Wilton Historical Society: The origins of Yankee Doodle Dandy
Wilton Historical Society co-director Allison Sanders explains the origins of Yankee Doodle Dandy, who has a Wilton connection.
"Most Americans are familiar with the Yankee Doodle tune, and can recite some of its familiar verses, but few are aware that the song was originally adopted in this country during the French and Indian War in 1755.
"However, it is not well known that the original Yankee Doodle was Thomas Fitch V from Norwalk, whose two younger brothers Ebenezer and Timothy, lived on Chestnut Hill in Wilton. Back then, Wilton was still part of Norwalk, not to become a town until 1802.
"Colonel Fitch, whose father was the governor of the colony of Connecticut, was a distinguished officer in the French and Indian War and the Revolutionary War. In 1755, Col. Fitch led Connecticut volunteers in their fight against the French at Fort Crailo, in what is now Renssaelaer, N.Y. On their departure from Norwalk, the local young women, distraught by the lack of uniforms, improvised plumes from chicken feathers for their hats.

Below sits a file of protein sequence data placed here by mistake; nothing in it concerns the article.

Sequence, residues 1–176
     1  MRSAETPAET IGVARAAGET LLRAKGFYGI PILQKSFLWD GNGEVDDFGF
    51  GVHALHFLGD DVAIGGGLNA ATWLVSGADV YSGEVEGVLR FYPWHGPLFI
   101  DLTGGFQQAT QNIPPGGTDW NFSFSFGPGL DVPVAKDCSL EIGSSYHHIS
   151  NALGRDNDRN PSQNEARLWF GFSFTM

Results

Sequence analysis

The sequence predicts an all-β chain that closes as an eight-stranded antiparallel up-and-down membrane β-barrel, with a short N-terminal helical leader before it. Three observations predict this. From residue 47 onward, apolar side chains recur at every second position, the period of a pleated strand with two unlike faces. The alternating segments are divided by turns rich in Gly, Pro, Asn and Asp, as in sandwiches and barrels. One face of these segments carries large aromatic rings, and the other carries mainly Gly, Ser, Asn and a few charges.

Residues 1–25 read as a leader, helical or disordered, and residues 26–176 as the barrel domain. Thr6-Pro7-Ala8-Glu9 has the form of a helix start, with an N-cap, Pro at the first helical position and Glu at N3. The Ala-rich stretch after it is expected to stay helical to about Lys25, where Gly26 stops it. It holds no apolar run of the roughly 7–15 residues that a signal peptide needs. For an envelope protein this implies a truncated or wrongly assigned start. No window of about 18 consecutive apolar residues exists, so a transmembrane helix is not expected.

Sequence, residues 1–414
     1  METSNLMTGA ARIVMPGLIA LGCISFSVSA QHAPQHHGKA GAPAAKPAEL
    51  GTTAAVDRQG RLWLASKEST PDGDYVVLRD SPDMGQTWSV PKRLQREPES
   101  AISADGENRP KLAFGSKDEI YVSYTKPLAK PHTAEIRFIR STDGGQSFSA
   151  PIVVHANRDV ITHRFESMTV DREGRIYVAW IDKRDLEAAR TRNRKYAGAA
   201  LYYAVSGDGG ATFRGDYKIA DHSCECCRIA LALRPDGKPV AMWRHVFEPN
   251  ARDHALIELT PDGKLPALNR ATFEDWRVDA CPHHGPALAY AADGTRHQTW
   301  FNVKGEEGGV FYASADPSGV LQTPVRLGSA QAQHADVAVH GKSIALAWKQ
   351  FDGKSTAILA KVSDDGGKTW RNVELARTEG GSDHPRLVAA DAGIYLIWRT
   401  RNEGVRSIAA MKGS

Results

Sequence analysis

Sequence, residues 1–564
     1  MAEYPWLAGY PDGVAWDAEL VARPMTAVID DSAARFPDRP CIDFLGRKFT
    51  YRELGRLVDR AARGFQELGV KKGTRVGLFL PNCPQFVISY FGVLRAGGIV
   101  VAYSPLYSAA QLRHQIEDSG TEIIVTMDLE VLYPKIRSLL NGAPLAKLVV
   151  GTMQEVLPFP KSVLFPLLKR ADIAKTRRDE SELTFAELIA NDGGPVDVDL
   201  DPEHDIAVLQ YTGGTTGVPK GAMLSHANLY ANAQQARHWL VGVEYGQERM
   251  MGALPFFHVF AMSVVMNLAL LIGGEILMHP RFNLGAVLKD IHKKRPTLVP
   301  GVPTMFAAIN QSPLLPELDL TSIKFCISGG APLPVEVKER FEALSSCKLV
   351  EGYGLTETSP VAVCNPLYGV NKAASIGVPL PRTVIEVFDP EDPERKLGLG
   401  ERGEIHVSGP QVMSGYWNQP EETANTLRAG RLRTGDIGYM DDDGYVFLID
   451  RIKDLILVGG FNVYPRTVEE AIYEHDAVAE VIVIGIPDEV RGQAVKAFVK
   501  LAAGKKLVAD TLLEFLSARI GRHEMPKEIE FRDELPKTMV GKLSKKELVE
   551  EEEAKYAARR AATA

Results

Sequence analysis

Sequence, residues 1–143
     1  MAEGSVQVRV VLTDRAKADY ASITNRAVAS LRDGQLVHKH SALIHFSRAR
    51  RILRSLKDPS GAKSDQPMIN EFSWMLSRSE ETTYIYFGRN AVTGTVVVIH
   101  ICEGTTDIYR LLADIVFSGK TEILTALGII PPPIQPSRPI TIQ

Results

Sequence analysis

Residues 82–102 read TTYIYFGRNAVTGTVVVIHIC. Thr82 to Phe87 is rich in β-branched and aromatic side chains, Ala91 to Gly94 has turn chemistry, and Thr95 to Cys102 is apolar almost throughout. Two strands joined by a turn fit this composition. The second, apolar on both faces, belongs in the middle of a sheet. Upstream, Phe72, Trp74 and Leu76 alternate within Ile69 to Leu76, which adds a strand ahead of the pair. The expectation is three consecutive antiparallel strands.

"The poorly dressed Connecticut volunteers arrived as reinforcements for the well-dressed British troops, and were met with derision from a British surgeon, Dr. Shuckburgh, who soon penned the satirical verse, set to the tune of a popular song "Lucy Locket." Thus was Col. Fitch dubbed Yankee Doodle:
Yankee Doodle went to town,
Riding on a pony,
Stuck a feather in his hat,
And called it macaroni
Yankee Doodle keep it up
Yankee Doodle dandy,
Mind the music and the step
And with the folks be handy*
"The exact origins of the term "Yankee Doodle" are obscure, the British used the term pejoratively to refer to the colonists. While the song was meant to be a low-brow jeer, it was soon adopted by the Americans with much enjoyment. The tune was already familiar to both British and Americans as a popular martial marching tune, so it caught on quickly with the colonists. It became their signature tune during the Revolutionary War, and was often played while fallen British troops were paraded before their captors.
"It might surprise some that the term 'macaroni' in the song does not refer to pasta, but to a fashionably dressed group of young men in London who were often called macaronis and gathered at the Macaroni Club. According to the verse, Col. Fitch led his rag-tag group of Connecticut volunteers into Ft. Crailo, stuck a feather in his hat, and declared he was "macaroni' — a fop.